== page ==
Berlin plays host to Germany’s most sustainable office building project

An ensemble of two office buildings close to the Südkreuz station in Berlin demonstrates the  potential of large-scale timber construction that is modular and highly sustainable

Demonstrating the sustainability potential of large-scale timber construction, a new two-building office ensemble in Berlin is reported to be Germany’s largest freestanding wood-hybrid project, and one of the biggest in Europe.

Called EDGE Suedkreuz Berlin, the project consists of two seven-storey buildings: the larger Carré and the smaller Solitaire. A modular wood-and-concrete system was used for construction, comprising timber columns and prefabricated timber-hybrid slab panels.

Located opposite the Südkreuz station, one of Berlin’s major transport hubs, the project is part of a new urban development that integrates sustainability with liveability.

Towards carbon neutral

Buro Happold provided structural engineering, building services and sustainability consultancy for the project, and its work is described as proposing a new standard for working towards carbon neutrality with renewable and sustainable materials.   

The Carré building houses office spaces for the energy company Vattenfall. An atrium forms the heart of the building and contains 1,600 square metres of space under a soaring timber-lattice skylight roof.

The atrium is punctuated by four large columns that mimic the trunk and canopy form of a tree, supporting a network of staircases and upper-level walkways. The roof is constructed from timber, steel and lightweight ETFE cushions, which regulate temperature and filter daylight into the atrium and the surrounding offices, creating a warm, comfortable working environment in all seasons.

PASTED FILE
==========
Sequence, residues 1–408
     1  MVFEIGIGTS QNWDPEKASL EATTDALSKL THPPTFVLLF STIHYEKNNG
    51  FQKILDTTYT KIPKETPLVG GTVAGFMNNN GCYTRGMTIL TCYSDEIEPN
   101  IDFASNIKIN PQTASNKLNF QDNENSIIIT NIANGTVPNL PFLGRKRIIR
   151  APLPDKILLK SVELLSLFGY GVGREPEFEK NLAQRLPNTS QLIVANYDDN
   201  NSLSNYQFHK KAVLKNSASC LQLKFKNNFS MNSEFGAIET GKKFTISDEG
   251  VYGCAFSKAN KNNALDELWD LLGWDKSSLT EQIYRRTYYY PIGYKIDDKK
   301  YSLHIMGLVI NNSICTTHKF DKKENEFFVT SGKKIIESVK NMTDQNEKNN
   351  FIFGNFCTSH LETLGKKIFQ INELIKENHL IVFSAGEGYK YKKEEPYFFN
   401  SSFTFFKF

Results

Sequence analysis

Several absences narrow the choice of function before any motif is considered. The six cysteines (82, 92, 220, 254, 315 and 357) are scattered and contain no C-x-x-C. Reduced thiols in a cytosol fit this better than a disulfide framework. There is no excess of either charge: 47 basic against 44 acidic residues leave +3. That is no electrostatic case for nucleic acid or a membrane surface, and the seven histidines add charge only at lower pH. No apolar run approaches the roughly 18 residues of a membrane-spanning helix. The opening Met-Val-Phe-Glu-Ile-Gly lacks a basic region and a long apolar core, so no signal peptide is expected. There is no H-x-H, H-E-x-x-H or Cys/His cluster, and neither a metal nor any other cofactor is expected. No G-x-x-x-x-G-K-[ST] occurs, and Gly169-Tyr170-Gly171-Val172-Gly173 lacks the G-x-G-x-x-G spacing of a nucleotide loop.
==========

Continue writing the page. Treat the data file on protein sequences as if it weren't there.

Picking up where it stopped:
The building’s fifth floor features a solid wood loggia, supported by 1.5-metre-high trusses and a cross-laminated timber ceiling. Interior architecture was provided by de Winder Architekten.

Holistic approach

An holistic approach to sustainability was key to the development from the outset. This approach encompassed a reduction of the upfront carbon costs involved in construction and in the building’s overall footprint, as well as careful consideration of the wellbeing of users. The project combines modular construction with a reliance on timber, two elements considered essential to building sustainably at a large scale.

Tchoban Voss Architekten and Buro Happold worked with a modular timber system developed by CREE Buildings, a firm specialising in wood-hybrid construction based in Dornbirn, Austria. According to Buro Happold, the use of this system means that the timber-hybrid structure weighs as much as 50 per cent less than a standard structure. This approach kept the foundation requirements low.

Award for design quality

The buildings received an overall DGNB compliance rating of 95.4 per cent, a score that positions it as the most sustainable architecture project in Germany. It also received the DGNB Diamond award for design quality.

Sergei Tchoban, partner at Tchoban Voss Architekten, explains: ‘EDGE Suedkreuz Berlin is not just an ensemble of buildings. For me, the project is and remains a prototype of a new way of thinking. In the construction of the buildings, the focus was on reducing the weight and thus the CO2 footprint as much as possible, while, at the same time, combining the aesthetics of the building with an ethical approach to nature. Special emphasis was placed on using materials that can be recycled according to the cradle-to-cradle principle.

Tchoban  adds: ‘The prefabrication of the building components and their possible repeated use ensure a sustainable building system that makes it possible to create impressive spaces and future-oriented working environments.’

Andrew Sansom is editorial director of SALUS Global Knowledge ExchangeSalus is a content partner of WORKTECH Academy.
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